The Nine Virtues: Vision

May 7, 2016
Vi"sion (?), n. [OE. visioun, F. vision, fr. L. visio, from videre, visum, to see: akin to Gr. &?; to see, &?; I know, and E. wit. See Wit, v., and cf. Advice, Clairvoyant, Envy, Evident, Provide, Revise, Survey, View, Visage, Visit.]
4. Especially, that which is seen otherwise than by the ordinary sight, or the rational eye; a supernatural, prophetic, or imaginary sight; an apparition; a phantom; a specter; as, the visions of Isaiah.
The baseless fabric of this vision.
No dreams, but visions strange.
Sir P. Sidney.
5. Hence, something unreal or imaginary; a creation of fancy. 

Vi"sion*a*ry, n.; pl. Visionaries (&?;). 1. One whose imagination is disturbed; one who sees visions or phantoms.
2. One whose imagination overpowers his reason and controls his judgment; an unpractical schemer; one who builds castles in the air; a daydreamer.

Vision, contrary to wisdom and piety, actually seems a fairly straightforward virtue to understand, for me. Vision is the ability to see things both as they truly are and as they might be: a combination of what Terry Pratchett called “First Sight” (seeing the things that are really in front of you instead of the things you want to see) and the ability to imagine a better world and the path toward it. Vision requires wisdom; I can’t imagine one without the other. Seeing much doesn’t matter without being able to understand it, and wisdom requires that understanding be applied to reality, not to a convenient fiction. I’m not sure if I’m comfortable calling them two separate virtues, though; I’ll definitely be going back over this list when I’ve finished the DP to examine everything as a whole.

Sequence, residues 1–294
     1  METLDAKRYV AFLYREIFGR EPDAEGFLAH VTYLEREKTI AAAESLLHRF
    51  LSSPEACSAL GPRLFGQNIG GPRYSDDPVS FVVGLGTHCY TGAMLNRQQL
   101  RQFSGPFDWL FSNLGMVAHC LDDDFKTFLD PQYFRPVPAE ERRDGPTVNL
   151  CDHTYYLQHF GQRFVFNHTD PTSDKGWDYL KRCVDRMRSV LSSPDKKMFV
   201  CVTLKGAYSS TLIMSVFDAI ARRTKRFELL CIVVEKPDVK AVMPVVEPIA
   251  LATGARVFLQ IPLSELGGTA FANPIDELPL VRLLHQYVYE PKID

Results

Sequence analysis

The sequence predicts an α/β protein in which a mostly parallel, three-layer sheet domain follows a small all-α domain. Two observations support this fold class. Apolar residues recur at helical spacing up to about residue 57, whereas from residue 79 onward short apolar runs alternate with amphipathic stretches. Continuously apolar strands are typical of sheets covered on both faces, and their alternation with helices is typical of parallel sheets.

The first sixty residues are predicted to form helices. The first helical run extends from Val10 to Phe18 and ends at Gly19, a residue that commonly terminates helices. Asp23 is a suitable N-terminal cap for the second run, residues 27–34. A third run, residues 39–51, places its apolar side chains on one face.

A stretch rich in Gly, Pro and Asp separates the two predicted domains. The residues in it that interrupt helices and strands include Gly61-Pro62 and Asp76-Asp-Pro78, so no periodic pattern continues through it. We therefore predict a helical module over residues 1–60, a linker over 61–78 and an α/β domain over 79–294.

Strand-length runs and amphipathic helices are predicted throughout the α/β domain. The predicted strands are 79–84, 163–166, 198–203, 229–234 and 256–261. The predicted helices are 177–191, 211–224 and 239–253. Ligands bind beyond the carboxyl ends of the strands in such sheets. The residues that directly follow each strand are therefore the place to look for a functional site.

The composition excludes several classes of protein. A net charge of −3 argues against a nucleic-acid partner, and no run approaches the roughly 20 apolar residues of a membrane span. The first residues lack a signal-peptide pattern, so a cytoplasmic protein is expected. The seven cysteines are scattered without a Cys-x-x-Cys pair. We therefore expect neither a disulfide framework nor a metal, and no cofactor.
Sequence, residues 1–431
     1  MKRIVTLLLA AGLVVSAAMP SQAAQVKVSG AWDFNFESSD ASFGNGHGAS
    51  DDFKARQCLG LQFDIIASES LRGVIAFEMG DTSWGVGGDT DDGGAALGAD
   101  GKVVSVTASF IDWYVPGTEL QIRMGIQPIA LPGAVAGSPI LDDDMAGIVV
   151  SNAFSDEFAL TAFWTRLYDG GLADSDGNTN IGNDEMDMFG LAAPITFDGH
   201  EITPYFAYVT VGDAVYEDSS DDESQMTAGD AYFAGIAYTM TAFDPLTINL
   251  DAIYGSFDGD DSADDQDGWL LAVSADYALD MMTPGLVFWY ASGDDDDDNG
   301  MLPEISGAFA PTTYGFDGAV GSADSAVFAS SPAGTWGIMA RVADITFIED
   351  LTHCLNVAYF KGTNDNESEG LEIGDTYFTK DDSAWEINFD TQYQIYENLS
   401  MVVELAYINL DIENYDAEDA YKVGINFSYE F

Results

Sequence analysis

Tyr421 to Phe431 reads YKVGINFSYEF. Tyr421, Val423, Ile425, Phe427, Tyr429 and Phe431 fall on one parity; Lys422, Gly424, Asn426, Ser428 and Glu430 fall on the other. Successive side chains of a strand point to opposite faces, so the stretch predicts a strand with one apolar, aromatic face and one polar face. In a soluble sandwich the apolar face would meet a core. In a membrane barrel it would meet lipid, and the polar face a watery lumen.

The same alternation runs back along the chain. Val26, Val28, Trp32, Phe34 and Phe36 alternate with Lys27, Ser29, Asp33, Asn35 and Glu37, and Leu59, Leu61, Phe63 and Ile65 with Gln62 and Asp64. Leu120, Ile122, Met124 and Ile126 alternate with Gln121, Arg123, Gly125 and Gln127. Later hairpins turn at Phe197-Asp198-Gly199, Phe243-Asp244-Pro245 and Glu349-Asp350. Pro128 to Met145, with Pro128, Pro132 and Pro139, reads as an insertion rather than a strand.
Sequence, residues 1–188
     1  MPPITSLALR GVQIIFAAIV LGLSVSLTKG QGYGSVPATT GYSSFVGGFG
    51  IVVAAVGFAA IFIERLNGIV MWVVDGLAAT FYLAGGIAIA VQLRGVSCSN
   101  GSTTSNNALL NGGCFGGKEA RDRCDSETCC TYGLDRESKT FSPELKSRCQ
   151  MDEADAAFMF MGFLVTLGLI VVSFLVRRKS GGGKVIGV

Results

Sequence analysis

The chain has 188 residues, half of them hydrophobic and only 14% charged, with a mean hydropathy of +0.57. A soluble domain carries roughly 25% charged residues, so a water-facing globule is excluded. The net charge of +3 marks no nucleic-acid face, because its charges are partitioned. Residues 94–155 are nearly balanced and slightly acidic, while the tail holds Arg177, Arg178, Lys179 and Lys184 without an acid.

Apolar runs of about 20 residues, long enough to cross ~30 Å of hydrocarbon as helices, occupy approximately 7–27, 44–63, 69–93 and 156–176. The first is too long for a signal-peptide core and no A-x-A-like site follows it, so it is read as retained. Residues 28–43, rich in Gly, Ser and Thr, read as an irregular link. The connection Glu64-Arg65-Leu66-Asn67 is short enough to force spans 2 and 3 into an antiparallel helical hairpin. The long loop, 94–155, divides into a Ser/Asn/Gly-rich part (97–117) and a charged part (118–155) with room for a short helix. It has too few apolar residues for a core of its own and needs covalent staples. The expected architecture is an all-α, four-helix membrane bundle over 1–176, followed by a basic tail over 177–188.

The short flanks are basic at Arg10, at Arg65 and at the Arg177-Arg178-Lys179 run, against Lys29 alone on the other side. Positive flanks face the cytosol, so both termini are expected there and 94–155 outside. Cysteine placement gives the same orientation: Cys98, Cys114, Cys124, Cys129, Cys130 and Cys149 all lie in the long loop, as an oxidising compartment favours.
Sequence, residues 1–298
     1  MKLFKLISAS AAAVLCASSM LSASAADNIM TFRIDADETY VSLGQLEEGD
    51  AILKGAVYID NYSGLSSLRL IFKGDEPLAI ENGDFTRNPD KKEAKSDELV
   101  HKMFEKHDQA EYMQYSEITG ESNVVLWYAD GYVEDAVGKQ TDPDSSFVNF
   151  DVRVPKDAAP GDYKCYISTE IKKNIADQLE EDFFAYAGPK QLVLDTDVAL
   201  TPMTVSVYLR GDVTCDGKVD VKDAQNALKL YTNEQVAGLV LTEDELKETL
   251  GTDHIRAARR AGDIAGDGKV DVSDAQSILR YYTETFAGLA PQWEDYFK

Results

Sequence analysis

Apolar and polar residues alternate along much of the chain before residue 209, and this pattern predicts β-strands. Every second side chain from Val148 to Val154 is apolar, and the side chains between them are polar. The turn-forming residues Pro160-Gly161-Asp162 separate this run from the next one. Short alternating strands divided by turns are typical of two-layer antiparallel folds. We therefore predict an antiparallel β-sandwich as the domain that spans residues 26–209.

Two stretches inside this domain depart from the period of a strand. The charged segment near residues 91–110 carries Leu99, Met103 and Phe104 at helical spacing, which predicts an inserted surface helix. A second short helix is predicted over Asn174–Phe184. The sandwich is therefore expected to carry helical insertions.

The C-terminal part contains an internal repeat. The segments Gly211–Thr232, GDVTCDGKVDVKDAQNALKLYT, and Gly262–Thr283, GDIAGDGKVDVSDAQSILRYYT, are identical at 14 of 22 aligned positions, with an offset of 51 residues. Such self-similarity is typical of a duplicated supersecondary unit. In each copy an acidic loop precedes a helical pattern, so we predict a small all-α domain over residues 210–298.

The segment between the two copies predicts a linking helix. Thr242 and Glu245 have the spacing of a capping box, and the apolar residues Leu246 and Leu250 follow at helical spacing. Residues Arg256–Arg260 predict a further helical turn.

Who is visionary?

The most visionary people I know of are activists - people who have looked at the world the way it is, said, “That is not acceptable,” and dedicated themselves to working for change. Mikki Kendall, Andromeda Yelton, Nikki Haley, everybody running Black Lives Matter and SlutWalk and everyone who fought for gay marriage when no one thought there was a chance in hell that it would happen.

And - in another realm entirely - look, I get really emotional about the space program, and I’ve never entirely understood why, but I think now that it’s because it’s made up of pure distilled vision. We want to know what’s out there, we want to go there and see it ourselves, and it’s hard-to-impossible (but it keeps turning out to not be impossible) and people have sacrificed their lives to the human desire to know, to see, and to grow. To the dream that some day we could go further from home than our ancestors ever knew was possible. If that’s not visionary I don’t know what is.

Who is visionary in the lore?